“The curse of this family is the love of self. It always has been. I see it now on some of your faces. There is a kind of selfishness which is always on the watch for selfishness in others and keeping others at a distance by suspicions and distrusts and wonders why they do not approach and do not confide. God forgive me I did not see it in myself.” (Life and Adventures of Martin Chuzzlewit.” Charles Dickens. Abridged version of the quote by David Lodge)
A generosity of spirit drives away our idolatry of self and stuff and into a compassionate unity with others. May God help us see it!
This generosity of spirit is also a necessary tool in sharing the gospel. How often are opportunities for salvation preceded by acts of kindness!?
Yes, the miracles of Jesus authenticated his words and proved his power to forgive sins (John 3:2; Mark 2:1-12). However, they also expressed God’s goodness. He longs for our wholeness and joy. It is the goodness of His works that draws us to him (Acts 10:38, “He went about doing good and healing all who were oppressed by the devil”).
Similarly, our actions are to model the grace contained in the message of the gospel. This is not humanly defined charity unhitched from God’s revelation. After all, the very purpose of the law is to give wings to love (Matt. 22:36-40). “Truth” and “Grace” cannot be separated from one another without destroying both.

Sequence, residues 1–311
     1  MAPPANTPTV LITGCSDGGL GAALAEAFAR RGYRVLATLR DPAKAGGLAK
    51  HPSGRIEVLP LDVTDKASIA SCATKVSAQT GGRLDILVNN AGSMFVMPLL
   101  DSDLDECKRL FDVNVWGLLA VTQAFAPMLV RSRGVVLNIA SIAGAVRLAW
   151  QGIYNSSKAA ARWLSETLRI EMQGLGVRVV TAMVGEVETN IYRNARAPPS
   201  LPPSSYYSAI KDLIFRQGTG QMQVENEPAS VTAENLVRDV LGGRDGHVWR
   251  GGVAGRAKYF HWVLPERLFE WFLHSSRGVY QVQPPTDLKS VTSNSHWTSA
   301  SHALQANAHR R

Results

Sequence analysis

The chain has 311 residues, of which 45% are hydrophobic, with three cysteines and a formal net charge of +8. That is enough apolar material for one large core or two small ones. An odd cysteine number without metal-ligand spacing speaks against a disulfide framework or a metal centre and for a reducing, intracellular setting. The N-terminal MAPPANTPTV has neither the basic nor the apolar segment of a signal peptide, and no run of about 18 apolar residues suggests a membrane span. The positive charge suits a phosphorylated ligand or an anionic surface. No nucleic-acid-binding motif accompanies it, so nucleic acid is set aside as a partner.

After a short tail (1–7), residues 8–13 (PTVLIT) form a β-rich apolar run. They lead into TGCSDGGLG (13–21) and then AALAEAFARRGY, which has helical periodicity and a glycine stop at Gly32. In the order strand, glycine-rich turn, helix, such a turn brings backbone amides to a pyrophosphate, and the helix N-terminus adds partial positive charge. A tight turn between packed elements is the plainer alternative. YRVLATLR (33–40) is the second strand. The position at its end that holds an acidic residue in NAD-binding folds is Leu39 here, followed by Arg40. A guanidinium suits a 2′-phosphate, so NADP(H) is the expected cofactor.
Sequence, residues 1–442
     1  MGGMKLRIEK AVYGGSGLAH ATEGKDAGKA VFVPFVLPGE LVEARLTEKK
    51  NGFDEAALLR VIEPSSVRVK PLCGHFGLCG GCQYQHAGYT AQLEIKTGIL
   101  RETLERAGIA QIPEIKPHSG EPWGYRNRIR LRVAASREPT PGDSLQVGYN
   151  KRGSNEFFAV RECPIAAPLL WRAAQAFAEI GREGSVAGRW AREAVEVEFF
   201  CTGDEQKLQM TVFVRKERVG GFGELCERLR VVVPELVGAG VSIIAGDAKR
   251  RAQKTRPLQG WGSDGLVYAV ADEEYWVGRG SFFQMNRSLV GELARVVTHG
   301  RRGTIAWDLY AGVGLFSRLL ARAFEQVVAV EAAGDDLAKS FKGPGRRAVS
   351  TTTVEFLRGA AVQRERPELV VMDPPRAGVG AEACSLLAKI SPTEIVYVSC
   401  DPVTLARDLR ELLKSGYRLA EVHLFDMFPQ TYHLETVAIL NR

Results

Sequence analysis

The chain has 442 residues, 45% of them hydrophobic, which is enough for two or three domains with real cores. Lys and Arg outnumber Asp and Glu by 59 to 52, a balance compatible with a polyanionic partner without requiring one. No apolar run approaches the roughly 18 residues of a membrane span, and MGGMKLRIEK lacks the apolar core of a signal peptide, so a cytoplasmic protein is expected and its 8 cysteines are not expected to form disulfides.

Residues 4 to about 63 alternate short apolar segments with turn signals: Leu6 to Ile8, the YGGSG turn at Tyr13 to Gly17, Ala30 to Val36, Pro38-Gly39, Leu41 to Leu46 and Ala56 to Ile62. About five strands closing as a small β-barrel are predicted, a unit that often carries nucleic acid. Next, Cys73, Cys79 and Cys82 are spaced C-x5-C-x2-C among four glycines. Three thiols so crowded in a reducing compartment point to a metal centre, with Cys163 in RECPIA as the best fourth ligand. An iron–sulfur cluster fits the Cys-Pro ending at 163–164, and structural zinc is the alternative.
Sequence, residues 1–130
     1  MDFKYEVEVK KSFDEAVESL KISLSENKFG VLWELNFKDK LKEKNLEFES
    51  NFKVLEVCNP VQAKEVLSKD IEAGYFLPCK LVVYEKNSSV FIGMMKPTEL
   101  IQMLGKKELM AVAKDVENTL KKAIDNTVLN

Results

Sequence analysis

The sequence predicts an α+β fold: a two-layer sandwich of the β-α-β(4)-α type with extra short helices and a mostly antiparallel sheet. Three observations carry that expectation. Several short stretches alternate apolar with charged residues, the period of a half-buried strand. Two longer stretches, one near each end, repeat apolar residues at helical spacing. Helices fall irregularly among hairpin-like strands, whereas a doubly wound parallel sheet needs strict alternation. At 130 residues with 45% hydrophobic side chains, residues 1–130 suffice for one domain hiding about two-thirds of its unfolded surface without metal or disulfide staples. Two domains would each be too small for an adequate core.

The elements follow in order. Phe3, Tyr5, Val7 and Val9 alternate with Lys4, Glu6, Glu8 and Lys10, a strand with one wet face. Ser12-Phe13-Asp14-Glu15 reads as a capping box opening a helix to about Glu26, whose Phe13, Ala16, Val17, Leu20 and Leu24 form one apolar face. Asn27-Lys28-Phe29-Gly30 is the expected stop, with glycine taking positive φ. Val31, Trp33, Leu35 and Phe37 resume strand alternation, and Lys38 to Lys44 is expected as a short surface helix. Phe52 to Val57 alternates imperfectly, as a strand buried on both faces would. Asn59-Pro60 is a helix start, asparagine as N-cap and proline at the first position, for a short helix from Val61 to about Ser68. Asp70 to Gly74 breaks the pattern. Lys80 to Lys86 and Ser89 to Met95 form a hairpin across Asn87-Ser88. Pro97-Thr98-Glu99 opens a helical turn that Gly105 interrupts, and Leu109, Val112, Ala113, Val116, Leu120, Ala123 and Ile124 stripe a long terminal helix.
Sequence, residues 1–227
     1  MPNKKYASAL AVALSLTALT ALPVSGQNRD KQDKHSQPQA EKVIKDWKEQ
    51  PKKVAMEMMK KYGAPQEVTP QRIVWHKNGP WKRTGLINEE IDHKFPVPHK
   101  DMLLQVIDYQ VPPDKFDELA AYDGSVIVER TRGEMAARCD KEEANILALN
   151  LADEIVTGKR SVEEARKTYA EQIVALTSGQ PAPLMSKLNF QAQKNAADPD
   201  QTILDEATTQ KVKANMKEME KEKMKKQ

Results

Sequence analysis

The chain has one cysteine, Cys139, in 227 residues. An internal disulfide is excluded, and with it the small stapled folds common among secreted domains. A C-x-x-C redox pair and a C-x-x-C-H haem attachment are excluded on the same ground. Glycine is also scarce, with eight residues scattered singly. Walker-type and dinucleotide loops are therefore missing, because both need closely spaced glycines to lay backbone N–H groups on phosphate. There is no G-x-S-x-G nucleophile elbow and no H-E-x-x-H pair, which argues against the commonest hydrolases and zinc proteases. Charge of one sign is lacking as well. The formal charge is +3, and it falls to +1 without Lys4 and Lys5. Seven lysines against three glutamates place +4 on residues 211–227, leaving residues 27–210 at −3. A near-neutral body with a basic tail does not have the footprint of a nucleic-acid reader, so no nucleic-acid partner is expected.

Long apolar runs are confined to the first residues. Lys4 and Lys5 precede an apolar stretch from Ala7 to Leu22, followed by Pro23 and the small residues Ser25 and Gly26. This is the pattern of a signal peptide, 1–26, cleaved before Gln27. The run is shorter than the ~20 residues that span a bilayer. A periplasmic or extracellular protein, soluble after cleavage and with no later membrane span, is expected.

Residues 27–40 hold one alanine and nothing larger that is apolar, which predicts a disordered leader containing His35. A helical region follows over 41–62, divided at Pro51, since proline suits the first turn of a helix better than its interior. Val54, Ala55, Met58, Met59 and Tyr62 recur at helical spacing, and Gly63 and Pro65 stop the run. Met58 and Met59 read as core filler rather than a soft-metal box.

Yet, when it comes to sharing the gospel, we often have more to say to people than for them to see! Yet, God designed the gospel to be shared from one person to another, so that others might not just know the message, but see the difference it makes in us (2 Tim. 2:1-ff).
The cherry on top is this spirit of generosity leads to the most joyful, fulfilling life. How counter-intuitive this seems! “If I keep the best bits for myself, I’ll be happy,” we think. Yet, God made us to experience the highest joys from sacrificial giving.
For example, on one occasion the economically struggling churches of Macedonia scraped together a remarkably liberal gift for their needy brethren in Judea, and it resulted in “the abundance of their joy!” (2 Cor. 8:2).
Our Lord gave His life on the cross because of the “joy that was set before him” (Heb. 12:2). There was gladness in the gift, as costly as it was, because Jesus could see the salvation of our souls to the glory of God. Paul told the Philippians he was “glad” and “rejoicing” to give his life for their faith (Phil. 2:17-18). Similarly, the joy we feel in our families and friendships is intensified by the sacrifices we make for them.